More and more we’re looking to photovoltaics (PV) and renewable energy to supply our future energy needs. Some science behind PVs is well over a century old—Albert Einstein’s 1905 explanation of the photoelectric effect won the Nobel prize in physics in 1921.
PVs absorb sunlight and convert it into electricity through a nonmechanical process. The PV cell’s materials are able to absorb photons from at least part of the sun’s electromagnetic radiation. Traditionally, PVs have used treated silicon as a semiconductor in both the n-type and p-type layers of PV cell, which allow for the flow of electrons.
Newer technologies like thin-film PV, nanophotovoltaics and organic PV have greatly reduced or in some cases eliminated the use of silicon in PVs. Thin-films use micron-thin layers of copper indium gallium deselenide (CIGS) or cadmium telluride (CdTe) to perform the functions of n-type and p-type layers.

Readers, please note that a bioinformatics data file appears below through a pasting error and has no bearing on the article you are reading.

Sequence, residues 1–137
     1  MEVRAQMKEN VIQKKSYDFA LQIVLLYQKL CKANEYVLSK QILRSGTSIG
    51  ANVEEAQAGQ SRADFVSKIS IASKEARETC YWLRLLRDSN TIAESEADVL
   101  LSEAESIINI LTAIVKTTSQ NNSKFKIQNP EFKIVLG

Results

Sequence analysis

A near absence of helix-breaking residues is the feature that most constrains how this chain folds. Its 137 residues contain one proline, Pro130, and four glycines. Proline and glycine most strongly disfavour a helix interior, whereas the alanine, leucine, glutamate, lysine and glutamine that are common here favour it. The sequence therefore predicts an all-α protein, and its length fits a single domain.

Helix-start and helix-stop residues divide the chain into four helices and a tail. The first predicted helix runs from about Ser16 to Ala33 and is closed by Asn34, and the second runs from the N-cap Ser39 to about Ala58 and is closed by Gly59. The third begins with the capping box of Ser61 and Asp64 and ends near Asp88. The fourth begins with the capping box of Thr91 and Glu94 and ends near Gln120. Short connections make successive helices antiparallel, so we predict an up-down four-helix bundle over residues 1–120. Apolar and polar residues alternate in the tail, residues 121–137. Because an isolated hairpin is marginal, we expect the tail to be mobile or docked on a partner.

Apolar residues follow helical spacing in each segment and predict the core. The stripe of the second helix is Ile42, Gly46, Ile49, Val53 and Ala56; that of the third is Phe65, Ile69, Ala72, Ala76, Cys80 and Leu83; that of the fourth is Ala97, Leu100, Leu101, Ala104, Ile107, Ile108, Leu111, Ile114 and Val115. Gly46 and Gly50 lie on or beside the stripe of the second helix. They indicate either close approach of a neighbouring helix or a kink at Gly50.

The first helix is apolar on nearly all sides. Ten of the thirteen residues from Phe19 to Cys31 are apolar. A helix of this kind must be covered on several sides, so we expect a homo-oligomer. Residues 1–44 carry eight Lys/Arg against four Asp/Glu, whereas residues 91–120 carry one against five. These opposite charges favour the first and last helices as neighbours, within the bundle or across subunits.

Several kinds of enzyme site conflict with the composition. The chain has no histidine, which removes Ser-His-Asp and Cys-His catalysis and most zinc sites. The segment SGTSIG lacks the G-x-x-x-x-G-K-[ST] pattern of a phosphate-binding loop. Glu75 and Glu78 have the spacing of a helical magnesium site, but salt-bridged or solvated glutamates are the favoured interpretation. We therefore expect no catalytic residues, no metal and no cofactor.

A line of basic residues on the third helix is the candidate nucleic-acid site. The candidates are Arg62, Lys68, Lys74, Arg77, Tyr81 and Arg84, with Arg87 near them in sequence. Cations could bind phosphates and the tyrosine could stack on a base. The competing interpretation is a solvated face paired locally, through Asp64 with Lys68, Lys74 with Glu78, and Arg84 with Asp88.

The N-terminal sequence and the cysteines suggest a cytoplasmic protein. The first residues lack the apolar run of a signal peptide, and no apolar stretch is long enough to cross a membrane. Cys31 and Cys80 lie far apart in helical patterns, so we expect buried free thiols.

Sunlight emits energy as photons. The photons have varying energy capacities at different wavelengths of sunlight (which include the visible spectrum). The PV cell is designed to absorb photons of certain wavelengths, while others are rejected or pass through the panel. Atoms in the PV cell’s n-type layer absorb photons emitted by the sun, and in the process, the atoms shed excess electrons. The PV cell itself is designed specifically to allow for the free movement of these electrons.
As the dislodged electrons move from their former position, subatomic holes in the p-type layer attract the free-roaming electrons. The electrons from the bottom of the cell move toward its surface to fill the holes. The movement of these electrons creates the potential for a small voltage or electricity discharge. When the bottom and top layer of the PV cell are connected to negative and positive electrodes, the voltage becomes an electrical current and can be collected for use in homes and appliances.
Since each PV cell is small—most are no more than 8 inches wide. They produce small amounts of electricity, usually about 1 to 3 watts. PV modules band together numerous cells to increase the wattage of each panel. The modules are connected together into a PV array, sized to meet the needs of the end-user. The array produces a stream of direct-current (DC) electricity that is converted into AC electricity for transmission or direct use.